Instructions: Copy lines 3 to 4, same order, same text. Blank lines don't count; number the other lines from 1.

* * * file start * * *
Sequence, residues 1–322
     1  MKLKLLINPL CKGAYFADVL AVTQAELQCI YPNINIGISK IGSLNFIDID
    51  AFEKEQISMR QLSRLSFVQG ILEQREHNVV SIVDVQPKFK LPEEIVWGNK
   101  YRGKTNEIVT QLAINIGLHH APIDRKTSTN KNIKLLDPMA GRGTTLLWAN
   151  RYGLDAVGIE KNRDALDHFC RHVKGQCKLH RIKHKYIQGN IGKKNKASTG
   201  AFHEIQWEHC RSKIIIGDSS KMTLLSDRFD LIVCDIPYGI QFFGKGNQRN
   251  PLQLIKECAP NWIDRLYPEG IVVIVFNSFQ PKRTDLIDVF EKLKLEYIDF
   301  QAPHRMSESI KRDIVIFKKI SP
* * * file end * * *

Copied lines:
    51  AFEKEQISMR QLSRLSFVQG ILEQREHNVV SIVDVQPKFK LPEEIVWGNK
   101  YRGKTNEIVT QLAINIGLHH APIDRKTSTN KNIKLLDPMA GRGTTLLWAN